Myelodysplastic syndromes (MDS) represent a heterogeneous spectrum of haematopoietic disorders ranging from ineffective haematopoiesis with cytopenia to progressive haematopoiesis with transition to acute myeloid leukaemia showing morphological and functional abnormalities of haematopoietic cells [13].

Due to difficulties in diagnosis and classification, epidemiological analyses report different incidence rates [4]. Nevertheless, it has been observed that intensive cancer therapeutic regimes lead to higher incidence rates of secondary forms of MDS [5]. As reviewed by Corey et al. [6] and Bernasconi [7], pathogenetic concepts favoured (i) chromosomal alterations and (ii) gain- and loss-of-function of proto-oncogenes and suppressor genes as well as (iii) disturbance of mitochondrial energy pathway and associated apoptosis. Although good progress was done to develop well-defined step-by-step pathogenetic models such as in colorectal cancer [811], the heterogeneous morphological spectrum and different clinical course of MDS remains poorly understood. Therefore, different subgroups of MDS with their characteristic cytogenetic, molecular, and immunological abnormalities were defined by international prognostic scoring systems such as the FAB (French American British) and the WHO classification to help to adequately stratify therapeutic regimens [1, 3, 12]. As described, the primary goal of treatment is haematological improvement in cases with low-risk MDS and targeting the underlying disease in cases with high-risk MDS [13]. Recently, experimental and clinical investigations revealed that epigenetic processes could play a key role in MDS and could be innovative targets for therapeutic approaches [1418].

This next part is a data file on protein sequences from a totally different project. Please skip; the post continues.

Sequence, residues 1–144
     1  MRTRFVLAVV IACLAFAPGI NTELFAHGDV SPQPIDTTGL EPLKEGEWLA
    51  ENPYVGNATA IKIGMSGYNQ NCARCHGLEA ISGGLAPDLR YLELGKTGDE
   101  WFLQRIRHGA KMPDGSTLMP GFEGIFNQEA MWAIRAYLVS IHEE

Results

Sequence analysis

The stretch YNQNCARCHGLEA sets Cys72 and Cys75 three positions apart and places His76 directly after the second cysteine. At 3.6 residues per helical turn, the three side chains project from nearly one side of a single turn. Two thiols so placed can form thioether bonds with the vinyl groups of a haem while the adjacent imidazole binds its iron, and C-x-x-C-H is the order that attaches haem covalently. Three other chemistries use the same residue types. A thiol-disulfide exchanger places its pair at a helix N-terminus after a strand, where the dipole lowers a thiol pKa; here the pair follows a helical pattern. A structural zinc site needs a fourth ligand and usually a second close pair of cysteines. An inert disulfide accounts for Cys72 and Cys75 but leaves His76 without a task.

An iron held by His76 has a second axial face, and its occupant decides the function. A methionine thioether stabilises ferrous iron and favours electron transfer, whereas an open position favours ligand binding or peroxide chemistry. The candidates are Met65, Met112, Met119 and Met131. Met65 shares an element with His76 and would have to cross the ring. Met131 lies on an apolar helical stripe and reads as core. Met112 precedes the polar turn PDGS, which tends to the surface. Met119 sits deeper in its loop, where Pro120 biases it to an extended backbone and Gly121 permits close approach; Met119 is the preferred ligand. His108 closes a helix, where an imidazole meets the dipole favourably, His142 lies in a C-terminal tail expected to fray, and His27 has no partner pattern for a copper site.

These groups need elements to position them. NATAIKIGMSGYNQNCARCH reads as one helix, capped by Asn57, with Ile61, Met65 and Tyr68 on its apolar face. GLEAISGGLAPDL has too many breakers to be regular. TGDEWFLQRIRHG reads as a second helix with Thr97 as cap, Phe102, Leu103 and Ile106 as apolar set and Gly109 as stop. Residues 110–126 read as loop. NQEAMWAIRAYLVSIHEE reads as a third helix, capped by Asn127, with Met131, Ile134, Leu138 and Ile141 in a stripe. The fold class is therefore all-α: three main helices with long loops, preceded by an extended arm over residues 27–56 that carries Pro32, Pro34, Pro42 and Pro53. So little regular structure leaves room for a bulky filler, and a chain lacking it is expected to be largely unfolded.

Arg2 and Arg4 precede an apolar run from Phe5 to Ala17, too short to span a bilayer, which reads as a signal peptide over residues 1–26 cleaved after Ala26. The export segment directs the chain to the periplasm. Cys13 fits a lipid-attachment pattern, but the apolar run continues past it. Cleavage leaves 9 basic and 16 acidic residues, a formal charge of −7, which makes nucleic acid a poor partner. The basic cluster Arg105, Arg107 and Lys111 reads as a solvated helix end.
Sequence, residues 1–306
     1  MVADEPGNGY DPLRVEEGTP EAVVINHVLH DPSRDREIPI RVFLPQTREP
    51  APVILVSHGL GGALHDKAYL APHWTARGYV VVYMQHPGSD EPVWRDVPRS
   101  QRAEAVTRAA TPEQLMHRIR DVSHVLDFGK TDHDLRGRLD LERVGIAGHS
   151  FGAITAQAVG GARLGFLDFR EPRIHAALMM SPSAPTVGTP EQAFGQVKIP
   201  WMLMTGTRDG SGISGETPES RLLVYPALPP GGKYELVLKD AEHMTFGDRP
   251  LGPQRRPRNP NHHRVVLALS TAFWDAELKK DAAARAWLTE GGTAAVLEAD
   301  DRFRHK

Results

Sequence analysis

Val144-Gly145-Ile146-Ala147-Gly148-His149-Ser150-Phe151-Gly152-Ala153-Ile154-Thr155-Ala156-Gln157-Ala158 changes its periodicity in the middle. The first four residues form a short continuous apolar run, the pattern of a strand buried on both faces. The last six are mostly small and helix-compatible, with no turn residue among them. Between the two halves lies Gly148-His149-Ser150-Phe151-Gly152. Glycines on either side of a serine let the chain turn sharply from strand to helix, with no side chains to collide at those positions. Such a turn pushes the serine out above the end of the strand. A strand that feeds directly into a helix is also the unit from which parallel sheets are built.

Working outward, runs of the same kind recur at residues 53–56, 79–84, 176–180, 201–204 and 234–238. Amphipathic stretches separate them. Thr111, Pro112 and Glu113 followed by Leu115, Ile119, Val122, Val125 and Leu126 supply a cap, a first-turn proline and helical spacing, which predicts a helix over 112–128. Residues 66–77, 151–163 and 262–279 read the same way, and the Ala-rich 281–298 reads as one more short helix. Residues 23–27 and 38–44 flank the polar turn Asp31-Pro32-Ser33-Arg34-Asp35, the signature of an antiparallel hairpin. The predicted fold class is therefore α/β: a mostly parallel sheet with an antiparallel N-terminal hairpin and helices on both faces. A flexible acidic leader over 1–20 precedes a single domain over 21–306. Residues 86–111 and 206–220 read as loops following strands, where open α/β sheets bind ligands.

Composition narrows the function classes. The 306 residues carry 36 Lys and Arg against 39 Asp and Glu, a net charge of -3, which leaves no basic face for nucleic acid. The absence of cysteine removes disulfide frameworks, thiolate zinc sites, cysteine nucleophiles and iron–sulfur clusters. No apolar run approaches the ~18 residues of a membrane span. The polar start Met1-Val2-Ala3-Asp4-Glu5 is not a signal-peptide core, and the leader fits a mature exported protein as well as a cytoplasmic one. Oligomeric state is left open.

We therefore want to give a comprehensive survey of MDS in the frame of epigenetics with focuses on clinical, pathogenic, and therapeutic issues.

2. A Survey of Myelodysplastic Syndrome (MDS)

2.1. A Short Introduction to the Definition, Classification (with Prognostic Groups), Epidemiology, and Aetiology

According to the WHO, the myelodysplastic syndrome (MDS) is defined as a heterogeneous disease group with cytopenia due to ineffective haematopoiesis and with dysplastic morphological changes in one or more of the myeloid cell lineages and associated risk to progression into acute myeloid leukaemia [13].